Some Republicans already have their sights on the government funding debate in September, raising the prospect of a government shutdown if the sides cannot agree on whether to fund the group or not. 

The White House has already vowed that President Obama would veto any spending that strips funding from Planned Parenthood. 

But 18 House conservatives wrote a letter to Republican leaders saying they will not vote for any spending bill that includes Planned Parenthood funding, and that number could grow during the August recess.

Sens. Susan CollinsSusan CollinsElection-year politics: Senate Dems shun GOP vulnerables Swing-state Republicans play up efforts for gun control laws Reid knocks GOP on gun 'terror loophole' after attacks MORE (R-Maine) and Kirk had introduced separate legislation that they were planning to offer as an amendment to the Planned Parenthood bill if it overcame Monday’s hurdle. 

Their proposal would have required the Department of Justice to investigate if Planned Parenthood or any facilities violated federal law. It would also only cut off federal funding to the organization's facilities that profited off of harvesting fetal tissue.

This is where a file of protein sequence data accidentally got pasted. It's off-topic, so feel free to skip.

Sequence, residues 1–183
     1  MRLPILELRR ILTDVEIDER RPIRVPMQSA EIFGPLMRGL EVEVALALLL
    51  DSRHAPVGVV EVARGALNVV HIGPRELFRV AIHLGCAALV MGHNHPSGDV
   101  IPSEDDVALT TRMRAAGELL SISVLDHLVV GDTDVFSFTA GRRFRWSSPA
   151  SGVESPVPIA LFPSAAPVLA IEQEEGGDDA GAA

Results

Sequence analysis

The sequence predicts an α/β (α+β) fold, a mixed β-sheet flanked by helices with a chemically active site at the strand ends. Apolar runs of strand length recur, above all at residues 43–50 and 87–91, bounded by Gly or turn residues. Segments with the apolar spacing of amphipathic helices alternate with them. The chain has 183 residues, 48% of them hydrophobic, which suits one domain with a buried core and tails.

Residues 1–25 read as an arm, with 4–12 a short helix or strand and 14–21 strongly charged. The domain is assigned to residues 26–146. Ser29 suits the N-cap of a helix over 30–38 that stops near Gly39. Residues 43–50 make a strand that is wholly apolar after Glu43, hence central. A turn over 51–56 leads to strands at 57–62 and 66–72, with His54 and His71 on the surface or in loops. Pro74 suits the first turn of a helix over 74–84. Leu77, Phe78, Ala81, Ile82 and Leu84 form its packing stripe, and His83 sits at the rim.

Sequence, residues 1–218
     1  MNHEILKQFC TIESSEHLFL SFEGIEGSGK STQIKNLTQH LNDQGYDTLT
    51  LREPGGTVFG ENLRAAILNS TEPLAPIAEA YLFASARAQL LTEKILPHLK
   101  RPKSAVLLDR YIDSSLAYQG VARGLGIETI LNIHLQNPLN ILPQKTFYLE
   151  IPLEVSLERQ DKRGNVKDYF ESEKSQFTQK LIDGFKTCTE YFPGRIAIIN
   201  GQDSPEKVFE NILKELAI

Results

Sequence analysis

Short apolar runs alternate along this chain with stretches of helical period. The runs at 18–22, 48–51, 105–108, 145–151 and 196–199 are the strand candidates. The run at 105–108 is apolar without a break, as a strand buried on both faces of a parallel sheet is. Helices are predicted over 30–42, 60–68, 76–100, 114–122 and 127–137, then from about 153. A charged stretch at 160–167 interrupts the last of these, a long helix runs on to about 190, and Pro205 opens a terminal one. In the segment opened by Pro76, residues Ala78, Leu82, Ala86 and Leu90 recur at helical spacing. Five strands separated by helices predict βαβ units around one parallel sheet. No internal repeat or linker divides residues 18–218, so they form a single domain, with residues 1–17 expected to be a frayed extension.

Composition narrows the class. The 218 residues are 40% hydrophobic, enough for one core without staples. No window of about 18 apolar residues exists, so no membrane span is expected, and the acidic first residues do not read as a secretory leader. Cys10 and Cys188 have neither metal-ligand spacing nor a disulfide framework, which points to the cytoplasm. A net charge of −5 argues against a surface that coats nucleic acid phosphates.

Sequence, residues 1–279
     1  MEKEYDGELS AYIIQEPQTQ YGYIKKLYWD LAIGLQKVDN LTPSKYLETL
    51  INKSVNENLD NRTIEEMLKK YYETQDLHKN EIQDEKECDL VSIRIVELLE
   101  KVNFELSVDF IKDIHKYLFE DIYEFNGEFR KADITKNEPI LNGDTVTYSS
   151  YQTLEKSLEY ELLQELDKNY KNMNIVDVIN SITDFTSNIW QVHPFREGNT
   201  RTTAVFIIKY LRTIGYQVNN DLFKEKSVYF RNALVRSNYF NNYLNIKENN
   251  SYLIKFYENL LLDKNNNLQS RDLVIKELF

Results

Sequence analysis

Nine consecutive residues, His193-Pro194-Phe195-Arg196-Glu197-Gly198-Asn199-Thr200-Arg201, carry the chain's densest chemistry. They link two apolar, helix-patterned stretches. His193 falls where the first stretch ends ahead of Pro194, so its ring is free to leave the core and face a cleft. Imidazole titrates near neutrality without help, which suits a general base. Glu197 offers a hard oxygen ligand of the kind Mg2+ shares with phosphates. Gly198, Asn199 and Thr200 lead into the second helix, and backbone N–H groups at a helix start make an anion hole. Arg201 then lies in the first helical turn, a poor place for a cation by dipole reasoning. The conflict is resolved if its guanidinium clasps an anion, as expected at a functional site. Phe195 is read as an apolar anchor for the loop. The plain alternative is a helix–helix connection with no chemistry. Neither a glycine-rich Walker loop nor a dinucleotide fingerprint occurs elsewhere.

The Maine Republican suggested that her proposal would be a more “targeted” approach compared to a blanket ban on federal funding. 

“The bill that has been proposed by several of my colleagues would require women to give up the health provider of their choice when we don’t yet know all of the facts about Planned Parenthood’s actions,” Collins said, adding that she has “received assurances from the Majority Leader that should the motion to proceed succeed, that there will be ample opportunity to offer amendments.” 

The Planned Parenthood debate was stirred by a series of undercover videos that show officials with the group discussing the price of fetal tissue for medical research. 

While Planned Parenthood notes the officials are discussing compensation for the sales rather than profit, the videos have put the group on the defensive and prompted it to hire a crisis communications firm.

The group’s president, Cecile Richards, apologized for the “tone” in the first video, where an official was filmed discussing fetal tissue over wine and salad.

- This story was last updated at 6:43 p.m.